This project was approved by the Research Ethics Boards (REB) of Sinai Health, Sunnybrook Health Sciences Centre, and Unity Health Toronto. Informed consent was obtained from participants from Sinai Health with REB approval for both verbal or written consent, whereas the requirement for informed consent was waived by the other 2 institutional REBs.
Study design and participants
This was a retrospective chart review of individuals admitted to COVID-19 recovery units at 1 of 3 rehabilitation hospitals in Toronto, Canada. Toronto has a population of 2.8 million, with the Greater Toronto Area totalling 6 million.
Inclusion criteria were: individuals ≥ 18 years of age, documented COVID-19-positive diagnosis, and admitted to a design-ated COVID-19 inpatient recovery unit. One of the aims of this project was to collect preliminary data to aid in the development of potential future studies. As a result, patients admitted to inpatient rehabilitation for longer than 12 weeks were excluded, in order to allow for timely completion of the current analysis. Persons admitted for palliative care were also excluded.
COVID-19 recovery units
During the first wave of the COVID-19 pandemic, there was a coordinated regional effort to meet the needs of individuals impacted by COVID-19 and to support patient flow in acute care facilities. Three rehabilitation hospitals opened dedicated COVID-19 recovery units in Toronto, Canada: Bridgepoint Active Healthcare – Sinai Health; Providence Healthcare – Unity Health Toronto; and St John’s Rehabilitation – Sunnybrook Health Sciences Centre.
Each of the hospitals aligned well with their approach and admission criteria, which included a positive COVID-19 PCR swab, age over 18 years, medically stable, and a need for inpatient rehabilitation. At Providence Healthcare, only those patients who had not yet had a negative COVID-19 swab were admitted to the isolation unit. Therefore, data on patients who had an extended acute care stay and tested negative for COVID--19 prior to transfer to rehabilitation would not have been captured from this institution.
The COVID-19 recovery units varied in size. Providence Health-care had a 10-bed unit, whereas Bridgepoint Active Healthcare had a 32-bed unit. St John’s Rehabilitation dedicated a portion of a 38-bed unit to COVID-19 rehabilitation; however, due to isolation requirements and the inability to use all beds in 4-person or 2-person rooms, up to 7 patients were admitted at a time.
The primary rehabilitative care goals were to assess and treat functional limitations from physical and cognitive impairments as well as psychosocial (anxiety, depression, PTSD) sequelae related to a COVID-19 diagnosis, and to support discharge home. Rehabilitative care teams consisted of a hospitalist, physiatrist, nursing, physiotherapist, occupational therapist, speech language pathologist, social worker, recreation therapist, dietitian, pharmacist, ward aides, and environmental services. Specialists available by consultation included geriatrics and consult liaison psychiatry, with internal medicine available at Bridgepoint Active Healthcare and via telephone at Providence Healthcare.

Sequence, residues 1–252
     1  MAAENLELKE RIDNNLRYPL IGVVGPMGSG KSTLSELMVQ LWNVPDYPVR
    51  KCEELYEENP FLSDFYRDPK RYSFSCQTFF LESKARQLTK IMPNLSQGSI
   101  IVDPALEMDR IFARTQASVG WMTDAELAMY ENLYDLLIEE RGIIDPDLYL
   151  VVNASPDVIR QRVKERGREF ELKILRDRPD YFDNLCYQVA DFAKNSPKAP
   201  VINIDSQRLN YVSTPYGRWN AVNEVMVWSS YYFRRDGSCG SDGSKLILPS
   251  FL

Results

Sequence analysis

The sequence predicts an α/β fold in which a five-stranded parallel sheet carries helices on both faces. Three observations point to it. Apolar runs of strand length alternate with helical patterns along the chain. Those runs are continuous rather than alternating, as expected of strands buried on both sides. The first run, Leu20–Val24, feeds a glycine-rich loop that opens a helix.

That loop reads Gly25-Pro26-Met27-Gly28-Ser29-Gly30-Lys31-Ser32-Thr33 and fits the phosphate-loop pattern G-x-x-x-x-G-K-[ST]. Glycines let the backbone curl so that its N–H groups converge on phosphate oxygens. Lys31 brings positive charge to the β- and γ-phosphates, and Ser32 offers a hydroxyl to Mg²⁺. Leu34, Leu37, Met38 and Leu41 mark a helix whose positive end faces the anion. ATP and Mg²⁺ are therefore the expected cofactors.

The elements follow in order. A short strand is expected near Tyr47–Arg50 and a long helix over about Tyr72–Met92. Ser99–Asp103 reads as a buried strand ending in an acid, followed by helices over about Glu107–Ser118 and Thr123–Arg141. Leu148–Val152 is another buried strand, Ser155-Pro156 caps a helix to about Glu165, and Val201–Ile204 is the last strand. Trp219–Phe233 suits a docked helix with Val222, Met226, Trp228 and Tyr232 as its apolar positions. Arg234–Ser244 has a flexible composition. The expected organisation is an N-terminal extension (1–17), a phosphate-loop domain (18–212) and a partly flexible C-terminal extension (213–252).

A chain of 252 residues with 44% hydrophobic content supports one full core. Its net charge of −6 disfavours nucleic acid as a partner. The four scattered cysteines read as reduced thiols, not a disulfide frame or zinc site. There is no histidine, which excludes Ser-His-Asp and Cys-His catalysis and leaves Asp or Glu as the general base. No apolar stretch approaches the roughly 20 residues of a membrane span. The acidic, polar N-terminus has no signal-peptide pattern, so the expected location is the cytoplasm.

Rehabilitation was delivered in patients’ rooms while on precautions, utilizing functional and body weight exercises and other devices, as appropriate. Staff provided care while wearing a gown, gloves, appropriate medical mask, and face shield (droplet precautions) until 2 nasopharyngeal PCR swabs were negative 24 h apart. Given advances in the understanding of the infectious phase of COVID-19, recommendations were altered throughout the duration of this study. At both Bridgepoint and St John’s, isolation precautions were later removed when individuals were 14 days from symptom onset or from first COVID-19-positive result (if asymptomatic or improving). At Providence Healthcare, patients were transferred off the COVID-19 recovery unit to continue their rehabilitation once they had 2 negative PCR tests 24 h apart. At Bridgepoint, patients remained on the same unit, but were provided therapy outside their room, including in communal gyms once isolation precautions were removed. Care conferences were provided if complex discharge planning was required.
Baseline sociodemographic features and clinical characteristics included age, sex, marital and employment status, pre-admission living setting and arrangement, baseline functional status, and co-morbidities. Acute care data included length of stay (LOS; discharge-admission date) and whether the individual required ICU admission, extracorporeal membrane oxygenation, or a ventilator. Neurological complications previously described to be associated with respiratory viruses were recorded (8).
Rehabilitation data included the health condition that best reflected the reason for rehabilitation admission, based on the Canadian Institute for Health Information (CIHI) Rehabilitation Client Groups (9) and the affected body functions, according to the WHO (10). Other rehabilitation data included LOS (discharge – admission date), admission and discharge total, motor and cognitive FIM scores (11); admission Montreal Cognitive Assessment (MoCA) score (as available); the number of readmissions to acute care; as well as discharge setting and arrangement. In instances where the MoCA blind was performed, the result was converted to a score out of 30 (12).
Data were obtained from review of the patient paper and/or electronic medical record. This included review of the in-patient rehabilitation application, acute care discharge summary and accompanying notes, as well as medical and allied health inpatient rehabilitation notes.